Iraq War Vet “Spit On” by Democrat Senators
Senators call judicial nominee who risked his life to free Iraqis “racist”
Washington, D.C. – Senate Democrats are blocking the nomination of Judge Leslie Southwick for the U.S. Court of Appeals for the Fifth Circuit. Rated “unanimously well-qualified” by the American Bar Association, Judge Southwick sought an age waiver to serve in Iraq, requesting to be sent to the most dangerous area. Yet liberal groups have smeared Judge Southwick with unfounded accusations, and a few Democrat senators are repeating them.
“Judge Southwick is a brave, considerate, intelligent American hero — just the type of person that we need on the federal bench,” stated Wendy Wright, President of Concerned Women for America. “Yet liberal special interest groups have unfairly smeared a good man — a war veteran — for doing his constitutional duty of upholding the law and serving in the war.
“Some Democrat senators have followed their lead, in effect spitting on the reputation of this honorable judge and Iraq war veteran. Is this what other Iraq War veterans will face when they return home? Will their sacrifice, courage and honor be besmirched by people who put their interests above the welfare of our country?”
Despite nearly 7,000 cases Judge Southwick ruled on during 12 years on the Mississippi Court of Appeals, his critics found only two opinions to criticize.
One involved a state employee’s one-time use of the “n-word.” The court denounced the use of the word, however, recognizing the limits of the law, ruled that the state cannot apply an “arbitrary, across-the-board rule” in determining how to discipline that employee.
Judge Southwick’s deeds speak louder than the slurs against him. LaVerne Ednae, an African-American attorney in a prominent Mississippi law firm, stated that Judge Southwick gave her an opportunity as a law clerk when few would. She said, “He saw that I was qualified for the position and granted me the opportunity. … It did not matter the party’s affiliation, culture or stature. What mattered is what the law said, and Judge Southwick worked very hard to apply it fairly. I have no doubt that he is fair, impartial and has all of the other qualities necessary to be an excellent addition to the Fifth Circuit.”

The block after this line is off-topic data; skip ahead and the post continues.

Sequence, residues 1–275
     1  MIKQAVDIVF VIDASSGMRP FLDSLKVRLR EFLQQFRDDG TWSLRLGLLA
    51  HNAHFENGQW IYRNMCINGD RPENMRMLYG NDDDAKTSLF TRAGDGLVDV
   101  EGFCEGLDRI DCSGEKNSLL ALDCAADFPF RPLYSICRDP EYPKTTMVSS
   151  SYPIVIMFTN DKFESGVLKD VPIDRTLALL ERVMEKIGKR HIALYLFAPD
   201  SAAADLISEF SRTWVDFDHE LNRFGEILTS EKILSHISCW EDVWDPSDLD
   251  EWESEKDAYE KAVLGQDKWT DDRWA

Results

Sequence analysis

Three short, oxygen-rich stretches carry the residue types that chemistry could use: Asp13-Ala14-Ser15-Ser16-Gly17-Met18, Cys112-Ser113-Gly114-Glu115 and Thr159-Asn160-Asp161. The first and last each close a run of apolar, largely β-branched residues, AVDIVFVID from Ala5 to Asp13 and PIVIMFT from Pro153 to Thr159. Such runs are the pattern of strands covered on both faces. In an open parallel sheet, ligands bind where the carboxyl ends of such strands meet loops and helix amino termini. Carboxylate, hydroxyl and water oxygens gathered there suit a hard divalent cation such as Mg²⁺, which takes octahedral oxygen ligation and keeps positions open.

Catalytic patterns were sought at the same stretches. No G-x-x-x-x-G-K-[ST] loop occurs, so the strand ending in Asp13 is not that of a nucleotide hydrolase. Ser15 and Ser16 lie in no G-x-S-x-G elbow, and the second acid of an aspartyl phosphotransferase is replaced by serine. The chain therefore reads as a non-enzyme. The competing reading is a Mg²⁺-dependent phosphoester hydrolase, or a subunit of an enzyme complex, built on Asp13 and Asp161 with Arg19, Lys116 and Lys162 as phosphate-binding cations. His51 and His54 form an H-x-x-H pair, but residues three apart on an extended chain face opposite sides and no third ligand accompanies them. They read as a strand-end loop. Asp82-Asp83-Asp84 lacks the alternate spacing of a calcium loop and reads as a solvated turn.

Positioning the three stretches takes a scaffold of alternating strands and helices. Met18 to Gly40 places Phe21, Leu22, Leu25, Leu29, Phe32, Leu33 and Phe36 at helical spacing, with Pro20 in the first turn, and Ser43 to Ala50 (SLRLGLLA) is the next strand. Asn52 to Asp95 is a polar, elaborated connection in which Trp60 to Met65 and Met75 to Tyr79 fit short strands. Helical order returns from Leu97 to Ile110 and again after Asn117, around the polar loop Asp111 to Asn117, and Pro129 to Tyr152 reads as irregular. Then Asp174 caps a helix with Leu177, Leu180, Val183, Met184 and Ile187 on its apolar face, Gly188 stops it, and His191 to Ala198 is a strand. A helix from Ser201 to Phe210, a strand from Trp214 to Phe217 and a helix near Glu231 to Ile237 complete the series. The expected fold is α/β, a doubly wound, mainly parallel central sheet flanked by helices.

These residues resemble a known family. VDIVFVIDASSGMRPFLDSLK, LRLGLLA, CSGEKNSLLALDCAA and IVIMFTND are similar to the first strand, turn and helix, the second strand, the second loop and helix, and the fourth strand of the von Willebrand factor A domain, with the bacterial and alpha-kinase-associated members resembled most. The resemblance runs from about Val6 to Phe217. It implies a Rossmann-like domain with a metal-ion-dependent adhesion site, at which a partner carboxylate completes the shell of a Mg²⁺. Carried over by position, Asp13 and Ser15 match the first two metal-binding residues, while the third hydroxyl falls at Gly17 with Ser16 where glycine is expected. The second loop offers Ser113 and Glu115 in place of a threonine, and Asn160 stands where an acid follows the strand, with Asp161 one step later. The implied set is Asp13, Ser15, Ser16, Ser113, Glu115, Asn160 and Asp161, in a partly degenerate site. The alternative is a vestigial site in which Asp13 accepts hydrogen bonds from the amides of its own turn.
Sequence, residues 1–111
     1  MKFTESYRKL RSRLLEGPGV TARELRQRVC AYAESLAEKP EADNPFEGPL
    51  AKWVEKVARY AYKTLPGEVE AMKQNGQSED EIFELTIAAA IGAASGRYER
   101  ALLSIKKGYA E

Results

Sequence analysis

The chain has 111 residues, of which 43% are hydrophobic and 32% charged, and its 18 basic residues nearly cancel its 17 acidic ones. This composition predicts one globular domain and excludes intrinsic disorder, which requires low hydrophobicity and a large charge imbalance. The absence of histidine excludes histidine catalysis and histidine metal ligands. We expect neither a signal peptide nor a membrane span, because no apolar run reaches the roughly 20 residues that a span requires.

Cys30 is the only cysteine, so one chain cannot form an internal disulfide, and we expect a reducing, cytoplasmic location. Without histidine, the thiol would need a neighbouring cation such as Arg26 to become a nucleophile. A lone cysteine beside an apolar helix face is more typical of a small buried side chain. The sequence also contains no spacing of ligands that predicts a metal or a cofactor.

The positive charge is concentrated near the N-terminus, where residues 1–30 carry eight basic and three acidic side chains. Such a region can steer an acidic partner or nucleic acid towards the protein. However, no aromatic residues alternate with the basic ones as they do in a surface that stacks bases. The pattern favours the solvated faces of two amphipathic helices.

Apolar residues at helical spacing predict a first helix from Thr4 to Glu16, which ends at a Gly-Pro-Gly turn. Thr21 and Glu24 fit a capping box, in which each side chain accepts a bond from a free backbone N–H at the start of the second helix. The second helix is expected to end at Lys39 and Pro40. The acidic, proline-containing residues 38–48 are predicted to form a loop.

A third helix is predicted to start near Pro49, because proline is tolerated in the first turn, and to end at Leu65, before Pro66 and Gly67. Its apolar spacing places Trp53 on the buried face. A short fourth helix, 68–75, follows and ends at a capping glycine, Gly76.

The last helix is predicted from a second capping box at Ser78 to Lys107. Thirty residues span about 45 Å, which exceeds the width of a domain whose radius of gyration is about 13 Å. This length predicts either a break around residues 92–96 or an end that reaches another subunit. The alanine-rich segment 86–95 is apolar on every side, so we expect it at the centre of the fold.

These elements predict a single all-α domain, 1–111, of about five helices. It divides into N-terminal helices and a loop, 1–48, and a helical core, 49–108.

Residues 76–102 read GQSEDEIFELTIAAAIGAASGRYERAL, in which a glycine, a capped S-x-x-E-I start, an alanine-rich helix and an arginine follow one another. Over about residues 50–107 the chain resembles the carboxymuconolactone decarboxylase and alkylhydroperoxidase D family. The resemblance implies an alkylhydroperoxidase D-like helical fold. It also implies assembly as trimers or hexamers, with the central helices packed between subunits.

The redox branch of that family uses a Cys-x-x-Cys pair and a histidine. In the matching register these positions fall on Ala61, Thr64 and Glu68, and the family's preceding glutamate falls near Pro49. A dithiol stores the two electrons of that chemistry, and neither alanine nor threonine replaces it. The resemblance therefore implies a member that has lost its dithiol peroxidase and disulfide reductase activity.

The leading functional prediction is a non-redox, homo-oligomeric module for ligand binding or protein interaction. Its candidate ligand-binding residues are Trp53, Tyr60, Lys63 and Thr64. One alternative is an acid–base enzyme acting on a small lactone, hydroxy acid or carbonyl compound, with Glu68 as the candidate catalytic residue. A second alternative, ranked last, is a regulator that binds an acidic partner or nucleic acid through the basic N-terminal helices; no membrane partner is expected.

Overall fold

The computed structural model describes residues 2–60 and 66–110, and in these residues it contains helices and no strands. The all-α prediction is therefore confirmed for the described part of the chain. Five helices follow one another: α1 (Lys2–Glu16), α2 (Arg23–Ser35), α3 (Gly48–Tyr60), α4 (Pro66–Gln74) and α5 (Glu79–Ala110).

Southwick’s detractors also complain of the court’s use of the term “homosexual lifestyle.” Yet Bill Clinton used “homosexual lifestyle” while announcing his “Don’t Ask, Don’t Tell” policy. Justice Ruth Bader Ginsburg concurred with the majority decision in Lawrence v. Texas which addressed the “homosexual lifestyle.”
Judge Southwick clerked for the Presiding Judge of the Texas Court of Criminal Appeals and then for Judge Charles Clark of the U.S. Fifth Circuit Court of Appeals. He was an associate in a Jackson law firm from 1977 to 1983 and a partner from 1983 to 1989. From 1985-86, he was a member of the Governor's Constitution Study Commission.
Judge Southwick became a Deputy Assistant Attorney General for the U.S. Department of Justice (Civil Division) in 1989. In 1994, Judge Southwick was elected one of the first ten judges on the Court of Appeals. He has remained on the court except for a military leave of absence from August 2004 to January 2006. In 2005, he served as the Deputy, and then as the Staff Judge Advocate, for the 155th Brigade Combat team in Iraq.
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